This Is What It Means To Be Nonbinary

by Amber Leventry
Originally Published: 
Amber Leventry/Credit Unknown

“Hi. My name is Amber. I use they/them pronouns.”

This is how I introduce myself to people I am meeting for the first time or to crowds of people I am about to speak to during one of my teaching seminars on LGBTQ issues.

Related: Why Gender Neutral Clothing Can Be Problematic

I am nonbinary. I do not identify as male or female, but as a perfect mix of both. Out of respect for myself, I tell people the pronouns I want them to use when talking to and about me. This is also a way to respect the person I am talking to because I am providing an inclusive and safe space for them to comfortably tell me how they would like to be referred to. In other words, I am a human with feelings, who, while wanting respect, wants to protect and respect the feelings of other humans I interact with.

Let me tell you what it means to me to be nonbinary.

First of all, if you are still with me, being nonbinary means daily interactions with people living in one of the three following camps:

The accepting, open-minded, and LGBTQ diverse camp: “Cool! Nice to meet you. I use she/her pronouns.”

The open-minded but uneducated on LGBTQ topics, wants to be accepting but doesn’t really understand camp: “Um. I don’t really know what nonbinary means. I might mess this up, but can you explain this to me?”

The bigoted, closed-minded, self-righteous, and motivated to live in privileged comfort rather than see the world from a wider perspective camp. The camp that can’t see that other people’s thoughts, beliefs, and identities should be respected even when disagreement or misunderstanding happens. AKA the Louis C.K. camp of douchery.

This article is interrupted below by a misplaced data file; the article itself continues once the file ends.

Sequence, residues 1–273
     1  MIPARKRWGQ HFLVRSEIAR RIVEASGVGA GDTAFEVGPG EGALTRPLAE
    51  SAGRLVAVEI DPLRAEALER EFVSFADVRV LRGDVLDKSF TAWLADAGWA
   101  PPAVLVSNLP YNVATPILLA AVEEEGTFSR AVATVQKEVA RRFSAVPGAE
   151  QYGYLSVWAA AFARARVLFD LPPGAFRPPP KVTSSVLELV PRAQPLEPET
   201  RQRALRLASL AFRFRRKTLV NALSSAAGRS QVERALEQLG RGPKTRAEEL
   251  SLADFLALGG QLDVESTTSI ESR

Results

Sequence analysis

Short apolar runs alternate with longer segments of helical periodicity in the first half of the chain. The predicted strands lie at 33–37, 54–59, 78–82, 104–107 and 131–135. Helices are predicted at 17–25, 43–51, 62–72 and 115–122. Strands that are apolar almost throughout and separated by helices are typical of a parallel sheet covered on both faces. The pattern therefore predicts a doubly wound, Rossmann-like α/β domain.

“They’re like royalty!” C.K. said in a recent stand up bit while referring to transgender and nonbinary people. “They tell you what to call them. ‘You should address me as they/them, because I identify as gender neutral…’ Oh, okay. You should address me as ‘there’ because I identify as a location. And the location is your mother’s cunt.”

Let me promise you, being nonbinary is NOTHING like royalty; it’s more like being kicked over and over again while listening to people like Louis C.K. telling me I am garbage, laughable, and a burden to their capacity to be kind.

Being nonbinary, for me, also means trying to get the people in the second camp—I hope this is where the majority of you are—to better understand me and transgender and nonbinary folks and terminology so you can be allies. And, as allies, part of your job will be to educate others so that you can bump up to the top cabin of acceptance and inclusivity. It’s pretty great here, you’re gonna want to bring jammies and stay a while.

I was assigned female at birth based on my sexual anatomy. However, I have always had a sense that I am also male. Over the course of my life and by finally finding the language to describe the differences I feel to people who identify within the binary of being male or female, I have accepted that I am a mix of both. I am neither male nor female; I am both male and female. I know this in the same way YOU know you are male, female, nonbinary, or another gender. Our gender identity is something that is just there. We can choose to ignore it, but we can’t choose to make it be what it is not.